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dc.contributor.authorBrown, Charisen_NZ
dc.contributor.authorLao, Chunhuanen_NZ
dc.contributor.authorLawrenson, Rossen_NZ
dc.contributor.authorTin Tin, Sandaren_NZ
dc.contributor.authorSchaaf, Michelleen_NZ
dc.contributor.authorKidd, Jacquieen_NZ
dc.contributor.authorAllan-Moetaua, Anneen_NZ
dc.contributor.authorHerman, Josephineen_NZ
dc.contributor.authorRaamsroop, Reenaen_NZ
dc.contributor.authorCampbell, Ianen_NZ
dc.contributor.authorElwood, Marken_NZ
dc.date.accessioned2018-06-05T04:47:33Z
dc.date.available2017-12-15en_NZ
dc.date.available2018-06-05T04:47:33Z
dc.date.issued2017en_NZ
dc.identifier.citationBrown, C., Lao, C., Lawrenson, R., Tin Tin, S., Schaaf, M., Kidd, J., … Elwood, M. (2017). Characteristics of and differences between Pasifika women and New Zealand European women diagnosed with breast cancer in New Zealand. New Zealand Medical Journal, 130(1467), 50–61.en
dc.identifier.issn0028-8446en_NZ
dc.identifier.urihttps://hdl.handle.net/10289/11876
dc.description.abstractAIM: Breast cancer in New Zealand-based Pasifika women is a significant issue. Although Pasifika women have a lower incidence of breast cancer compared to New Zealand European women, they have higher breast cancer mortality and lower five-year survival. The aim of this study was to describe the characteristics and tumour biology of Pasifika women and to compare New Zealand European women to identify what factors impact on early (Stage 1 and 2) vs advanced stage (Stage 3 and 4) at diagnosis. METHOD: Data on all Pasifika and New Zealand European women diagnosed with breast cancer (C50) during the period 1 June 2000 to 31 May 2013 was extracted from the Auckland and Waikato Breast Cancer Registries. Descriptive tables and Chi-square test were used to examine di erences in characteristics and tumour biology between Pasifika and New Zealand European women. Logistic regression was used to identify factors that contributed to an increased risk of advanced stage at diagnosis. RESULTS: A significantly higher proportion of Pasifika women had advanced disease at diagnosis compared to New Zealand European women (33.3% and 18.3%, respectively). Cancer biology in Pasifika women was more likely to be: 1) HER2+, 2) ER/PR negative and 3) have a tumour size of ≥50mm. Pasifika women live in higher deprivation areas of 9–10 compared to New Zealand European women (55% vs 14%, respectively) and were less likely to have their cancer identified through screening. Logistic regression showed that if Pasifika women were on the screen-detected pathway they had similar odds (not sig.) of having advanced disease at diagnosis to New Zealand European women. CONCLUSION: Mode of detection, deprivation, age and some biological factors contributed to the di erence in odds ratio between Pasifika and New Zealand European women. For those of screening age, adherence to the screening programme and improvements in access to earlier diagnosis for Pasifika women under the current screening age have the potential to make a substantial di erence in the number of Pasifika women presenting with late-stage disease.en_NZ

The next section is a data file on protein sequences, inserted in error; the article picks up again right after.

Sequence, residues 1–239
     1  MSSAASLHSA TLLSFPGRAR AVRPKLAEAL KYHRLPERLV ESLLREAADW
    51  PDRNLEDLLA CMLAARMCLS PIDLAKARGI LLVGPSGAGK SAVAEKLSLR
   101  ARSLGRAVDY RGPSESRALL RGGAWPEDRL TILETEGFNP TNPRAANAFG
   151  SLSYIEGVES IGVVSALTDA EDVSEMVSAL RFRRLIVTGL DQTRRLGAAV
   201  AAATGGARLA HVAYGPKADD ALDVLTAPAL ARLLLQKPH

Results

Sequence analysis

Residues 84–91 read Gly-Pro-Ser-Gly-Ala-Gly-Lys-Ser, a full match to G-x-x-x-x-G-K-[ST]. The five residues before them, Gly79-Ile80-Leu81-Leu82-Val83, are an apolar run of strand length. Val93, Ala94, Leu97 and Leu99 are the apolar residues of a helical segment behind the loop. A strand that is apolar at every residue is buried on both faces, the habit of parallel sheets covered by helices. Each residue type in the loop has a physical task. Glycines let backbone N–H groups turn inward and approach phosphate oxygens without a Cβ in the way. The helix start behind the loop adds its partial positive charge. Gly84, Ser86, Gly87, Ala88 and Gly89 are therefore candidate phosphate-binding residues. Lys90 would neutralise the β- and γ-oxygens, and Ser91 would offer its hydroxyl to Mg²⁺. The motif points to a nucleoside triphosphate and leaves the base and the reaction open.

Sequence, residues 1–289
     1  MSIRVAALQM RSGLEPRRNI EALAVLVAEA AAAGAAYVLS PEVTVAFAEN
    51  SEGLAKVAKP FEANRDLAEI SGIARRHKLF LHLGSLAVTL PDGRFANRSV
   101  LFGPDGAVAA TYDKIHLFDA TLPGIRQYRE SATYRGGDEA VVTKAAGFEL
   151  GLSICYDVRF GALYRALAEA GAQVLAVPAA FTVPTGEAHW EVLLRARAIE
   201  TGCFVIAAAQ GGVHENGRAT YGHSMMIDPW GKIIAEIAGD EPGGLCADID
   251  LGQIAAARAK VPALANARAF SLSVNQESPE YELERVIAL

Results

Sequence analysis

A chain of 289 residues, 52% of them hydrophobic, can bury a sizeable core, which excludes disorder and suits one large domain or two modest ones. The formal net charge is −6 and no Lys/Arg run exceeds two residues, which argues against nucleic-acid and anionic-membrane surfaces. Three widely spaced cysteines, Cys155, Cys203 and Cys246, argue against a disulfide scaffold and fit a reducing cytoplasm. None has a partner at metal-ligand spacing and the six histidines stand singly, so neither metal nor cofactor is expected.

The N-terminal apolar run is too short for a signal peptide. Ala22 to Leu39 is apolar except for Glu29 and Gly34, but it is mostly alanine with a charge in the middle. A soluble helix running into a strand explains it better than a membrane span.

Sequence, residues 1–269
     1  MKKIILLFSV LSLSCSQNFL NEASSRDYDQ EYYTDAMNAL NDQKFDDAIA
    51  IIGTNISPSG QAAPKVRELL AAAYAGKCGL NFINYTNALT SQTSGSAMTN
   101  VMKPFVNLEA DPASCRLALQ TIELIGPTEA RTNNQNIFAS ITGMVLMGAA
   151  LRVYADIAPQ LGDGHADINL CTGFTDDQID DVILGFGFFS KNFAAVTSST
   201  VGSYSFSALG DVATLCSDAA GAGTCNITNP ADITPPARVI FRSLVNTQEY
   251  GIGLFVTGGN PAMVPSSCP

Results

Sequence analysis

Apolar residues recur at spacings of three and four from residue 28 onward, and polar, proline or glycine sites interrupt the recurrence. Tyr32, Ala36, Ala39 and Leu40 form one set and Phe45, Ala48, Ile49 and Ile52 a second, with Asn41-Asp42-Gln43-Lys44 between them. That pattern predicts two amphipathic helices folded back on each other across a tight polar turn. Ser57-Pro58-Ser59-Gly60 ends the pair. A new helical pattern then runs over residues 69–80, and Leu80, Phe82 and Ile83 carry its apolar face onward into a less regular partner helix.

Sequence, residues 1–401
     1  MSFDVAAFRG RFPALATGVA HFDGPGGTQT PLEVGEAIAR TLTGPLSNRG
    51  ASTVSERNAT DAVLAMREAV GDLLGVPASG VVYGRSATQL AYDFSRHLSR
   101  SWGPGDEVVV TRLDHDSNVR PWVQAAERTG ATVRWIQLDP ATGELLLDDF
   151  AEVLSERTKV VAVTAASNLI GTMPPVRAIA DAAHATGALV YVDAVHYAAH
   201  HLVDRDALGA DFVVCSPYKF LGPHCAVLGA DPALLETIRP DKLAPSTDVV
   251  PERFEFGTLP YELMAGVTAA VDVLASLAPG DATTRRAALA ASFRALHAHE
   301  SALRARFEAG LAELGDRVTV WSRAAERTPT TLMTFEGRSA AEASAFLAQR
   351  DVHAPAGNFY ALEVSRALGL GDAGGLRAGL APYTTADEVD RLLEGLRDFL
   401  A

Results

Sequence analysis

dc.format.mimetypeapplication/pdf
dc.language.isoen
dc.rights© NZMA. Used with permission
dc.titleCharacteristics of and differences between Pasifika women and New Zealand European women diagnosed with breast cancer in New Zealanden_NZ
dc.typeJournal Article
dc.relation.isPartOfNew Zealand Medical Journalen_NZ
pubs.begin-page50
pubs.elements-id216098
pubs.end-page61
pubs.issue1467en_NZ
pubs.publication-statusPublisheden_NZ
pubs.volume130en_NZ
dc.identifier.eissn1175-8716en_NZ


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